A device used to form molten metal to a specific
shape. For example, the rammed sand inside a flask.
Flat board used under a flask when ramming, thick
enough not to spring as the sand is rammed.
A mixture of fine sand and binder that when packed
will hold the shape of a pattern.
The process of coating sand with clay via a smearing
action as well as mixing.
A device that mulls foundry molding sand.
Abbreviation for Naturally aspirated.
Regarding burners, naturally aspirated generally means there
is no blower to force air into the burner. See also Burner...
Oil Bonded Sand
A mixture of fine sand, bentone clay and oil that will
pack very hard. also called Petrobond, K-bond.
A powder that coats the surface of an
object so that the molding sand will not stick to it. This allows a
pattern to be drawn from the sand and leave a clean, sharp impression
behind. Parting dust also coats the sand in one half of the mold and
prevents the sand in the other half from sticking to it. This allows
the halves to be separated and the pattern removed. This separation
line is called the parting line. (Shamelessly stolen from Budget
Casting Supply's on-line catalog). Old books talk about using rafter
dust. An old sock makes a good dispenser. Shake it to release the
parting dust. Store in an air tight container to keep it dry. People
also use talc or baby powder.
The widest point of a pattern. The point that will
allow a mold to separate easily.
A pattern is a device used to
make the hollow cavity of a mold. It can be thought of as the positive
or original. Traditionally made of wood, it can be made of anything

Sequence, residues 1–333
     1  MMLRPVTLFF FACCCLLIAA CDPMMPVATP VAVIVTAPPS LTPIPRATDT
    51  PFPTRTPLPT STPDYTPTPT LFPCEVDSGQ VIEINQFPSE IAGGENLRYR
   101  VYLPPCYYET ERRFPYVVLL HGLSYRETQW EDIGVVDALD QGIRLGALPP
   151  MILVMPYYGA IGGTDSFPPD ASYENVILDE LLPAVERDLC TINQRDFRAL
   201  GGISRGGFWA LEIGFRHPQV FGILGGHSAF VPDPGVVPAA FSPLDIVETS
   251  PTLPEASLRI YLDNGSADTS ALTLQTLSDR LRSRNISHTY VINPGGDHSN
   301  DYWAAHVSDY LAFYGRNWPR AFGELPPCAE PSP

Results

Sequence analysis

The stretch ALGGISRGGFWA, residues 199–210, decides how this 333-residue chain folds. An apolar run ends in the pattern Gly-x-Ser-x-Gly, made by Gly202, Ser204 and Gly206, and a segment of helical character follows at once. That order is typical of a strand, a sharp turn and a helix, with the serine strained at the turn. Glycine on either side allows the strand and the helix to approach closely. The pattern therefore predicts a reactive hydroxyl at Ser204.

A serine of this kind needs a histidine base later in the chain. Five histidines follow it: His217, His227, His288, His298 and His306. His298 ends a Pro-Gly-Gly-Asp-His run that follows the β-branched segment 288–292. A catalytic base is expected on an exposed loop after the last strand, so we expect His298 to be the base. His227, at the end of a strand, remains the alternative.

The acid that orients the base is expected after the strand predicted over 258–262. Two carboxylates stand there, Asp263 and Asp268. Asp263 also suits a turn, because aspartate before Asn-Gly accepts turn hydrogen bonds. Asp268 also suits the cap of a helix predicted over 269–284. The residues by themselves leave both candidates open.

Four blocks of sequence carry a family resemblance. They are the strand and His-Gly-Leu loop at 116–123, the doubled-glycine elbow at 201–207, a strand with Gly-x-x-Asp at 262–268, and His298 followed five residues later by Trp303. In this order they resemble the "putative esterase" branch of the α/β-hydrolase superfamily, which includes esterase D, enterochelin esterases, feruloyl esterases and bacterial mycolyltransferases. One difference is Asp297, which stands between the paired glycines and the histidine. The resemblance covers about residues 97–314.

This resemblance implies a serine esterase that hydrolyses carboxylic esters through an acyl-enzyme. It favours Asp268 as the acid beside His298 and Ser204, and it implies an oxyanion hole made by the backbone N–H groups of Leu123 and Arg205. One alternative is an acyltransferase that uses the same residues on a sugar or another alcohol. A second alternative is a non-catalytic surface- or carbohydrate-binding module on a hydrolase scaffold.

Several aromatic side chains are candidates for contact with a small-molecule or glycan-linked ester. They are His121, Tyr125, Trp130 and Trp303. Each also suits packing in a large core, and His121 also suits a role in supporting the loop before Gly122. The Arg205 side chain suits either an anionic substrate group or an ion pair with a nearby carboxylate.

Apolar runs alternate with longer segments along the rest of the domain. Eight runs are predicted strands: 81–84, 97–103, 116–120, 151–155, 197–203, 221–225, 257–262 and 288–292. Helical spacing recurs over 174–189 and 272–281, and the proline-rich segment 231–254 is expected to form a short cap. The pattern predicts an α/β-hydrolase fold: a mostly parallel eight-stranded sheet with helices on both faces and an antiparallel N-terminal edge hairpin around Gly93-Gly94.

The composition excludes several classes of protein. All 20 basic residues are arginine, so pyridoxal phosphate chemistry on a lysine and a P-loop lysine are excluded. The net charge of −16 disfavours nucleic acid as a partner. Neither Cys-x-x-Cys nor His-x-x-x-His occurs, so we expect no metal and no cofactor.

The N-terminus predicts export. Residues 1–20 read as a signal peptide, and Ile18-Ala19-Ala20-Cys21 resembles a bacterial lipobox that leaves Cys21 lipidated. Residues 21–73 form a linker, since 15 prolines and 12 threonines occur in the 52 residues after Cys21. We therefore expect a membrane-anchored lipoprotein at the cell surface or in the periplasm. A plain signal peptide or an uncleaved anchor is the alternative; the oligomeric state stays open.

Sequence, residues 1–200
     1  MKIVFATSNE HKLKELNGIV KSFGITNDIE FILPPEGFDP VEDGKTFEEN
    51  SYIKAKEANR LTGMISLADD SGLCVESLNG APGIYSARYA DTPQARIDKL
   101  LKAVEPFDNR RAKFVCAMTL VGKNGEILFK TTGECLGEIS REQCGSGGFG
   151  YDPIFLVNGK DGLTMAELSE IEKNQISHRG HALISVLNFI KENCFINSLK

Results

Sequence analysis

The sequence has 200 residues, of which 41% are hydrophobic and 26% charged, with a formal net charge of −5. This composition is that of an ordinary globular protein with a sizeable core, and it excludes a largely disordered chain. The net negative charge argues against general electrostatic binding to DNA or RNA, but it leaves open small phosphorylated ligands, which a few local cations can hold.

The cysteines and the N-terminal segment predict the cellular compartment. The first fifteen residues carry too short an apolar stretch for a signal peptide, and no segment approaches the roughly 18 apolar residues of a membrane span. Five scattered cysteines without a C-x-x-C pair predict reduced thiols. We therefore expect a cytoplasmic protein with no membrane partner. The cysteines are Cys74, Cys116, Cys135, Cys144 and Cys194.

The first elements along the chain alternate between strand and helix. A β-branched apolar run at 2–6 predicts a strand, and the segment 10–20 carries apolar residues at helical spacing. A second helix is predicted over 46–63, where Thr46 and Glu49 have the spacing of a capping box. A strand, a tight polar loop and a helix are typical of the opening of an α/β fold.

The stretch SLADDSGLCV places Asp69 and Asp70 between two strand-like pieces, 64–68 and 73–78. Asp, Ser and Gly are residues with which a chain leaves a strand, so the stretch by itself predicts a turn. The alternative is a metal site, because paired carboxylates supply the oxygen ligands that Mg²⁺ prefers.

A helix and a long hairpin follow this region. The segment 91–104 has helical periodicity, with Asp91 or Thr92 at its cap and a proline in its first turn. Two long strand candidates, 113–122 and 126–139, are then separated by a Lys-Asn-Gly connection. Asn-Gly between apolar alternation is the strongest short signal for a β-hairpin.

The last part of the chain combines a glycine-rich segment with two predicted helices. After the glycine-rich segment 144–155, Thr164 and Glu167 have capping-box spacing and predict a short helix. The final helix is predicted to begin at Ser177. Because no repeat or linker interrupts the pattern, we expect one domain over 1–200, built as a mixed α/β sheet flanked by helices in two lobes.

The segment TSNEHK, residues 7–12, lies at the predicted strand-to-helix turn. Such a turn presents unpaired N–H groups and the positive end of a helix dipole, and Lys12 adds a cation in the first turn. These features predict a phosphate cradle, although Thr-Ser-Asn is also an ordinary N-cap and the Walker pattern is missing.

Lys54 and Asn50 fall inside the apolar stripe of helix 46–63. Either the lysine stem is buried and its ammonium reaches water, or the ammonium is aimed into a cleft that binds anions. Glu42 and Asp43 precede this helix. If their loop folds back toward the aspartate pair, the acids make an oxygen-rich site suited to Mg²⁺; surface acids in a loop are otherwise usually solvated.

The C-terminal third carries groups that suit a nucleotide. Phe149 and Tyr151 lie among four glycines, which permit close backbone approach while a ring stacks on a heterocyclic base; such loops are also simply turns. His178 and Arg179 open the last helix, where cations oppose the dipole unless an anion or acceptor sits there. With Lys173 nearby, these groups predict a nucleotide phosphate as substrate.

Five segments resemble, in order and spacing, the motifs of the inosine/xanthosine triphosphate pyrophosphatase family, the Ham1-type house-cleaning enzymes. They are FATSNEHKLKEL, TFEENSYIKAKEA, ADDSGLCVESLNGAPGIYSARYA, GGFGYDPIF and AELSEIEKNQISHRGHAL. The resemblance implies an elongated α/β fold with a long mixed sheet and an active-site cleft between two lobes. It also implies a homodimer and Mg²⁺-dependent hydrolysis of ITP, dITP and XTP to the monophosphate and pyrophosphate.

that will withstand the pressure of being rammed in the sand.
Commercially available oil bonded sand.
Plinth, Plinth block
Refractory pedestal for the crucible to sit on.
A device used to measure very hot temperatures. A
thermometer with a very high range.
A tool used to pack sand in a flask.
The act of packing molding sand into a flask.
A substance that resists break down by heat.
A screen for sifting molding sand.
A riser is similar to a sprue
because it is a vertical hole in the sand. A riser is a place for metal
to go after the mold is full. Watching the riser will tell you when the
mold is full, but it also feeds metal back to the casting as the metal
cools and shrinks. Ideally, and shrink voids should be in a riser and
not in the casting. Risers should be placed at the thickest parts of
The act of removing castings from the sand mold.
Shank (or pouring
A tool for
holding a hot crucible and tipping it to pour the hot metal. Often
shaped like a ring with shafts extending from it; may have a latch to
keep the crucible from toppling out.
A casting defect where the mold doesn't fill
completely. Caused by pouring too cold, too slow or interrupted
Metals contract when
cooling and solidifying. This contraction is called shrink, and is
predictable for a particular metal. This is important when making
patterns because they must be oversize by the shrink amount for a close
Casting defect caused by lack of feed metal as the
A device used by pattern
makers. It appears to be a regular ruler, but the graduations are over
sized to make up for the shrink in the metal poured. Shrink rules are
specific to the metal being cast, due to different metal having
different shrink rates.
A method akin to ceramics
where the mold is poured with metal and almost immediately emptied of
its molten metal by dumping. This leaves a thin shell of solidified
metal in the mold. Used for making hollow castings like small statues
or lamp bodies.
See Flask, snap.
See Water Glass.
A vertical hole in the sand mold that molten metal is
Thermocouples are two
dissimilar metals welded at the end. When you heat dissimilar metals, a
voltage is generated proportional to the temperature.
A tool to grasp and lift a hot crucible from a
When you need a taller cope section
or drag section, then the flask on hand you use a frame of the required
additional depth.(note 1)
Water Bonded Sand
See Green sand.
Also known as sodium silicate.
It is a honey-like liquid that hardens in the presence of CO2. It is
used for cores by mixing with straight (unbonded) sand and packed into
a core box (mold) and then CO2 is passed through it to instantly harden
it. Alternatively, you can let it air harden, but it takes much longer.
Note 1...Information sourced
from The Metalcaster's Bible by C. W.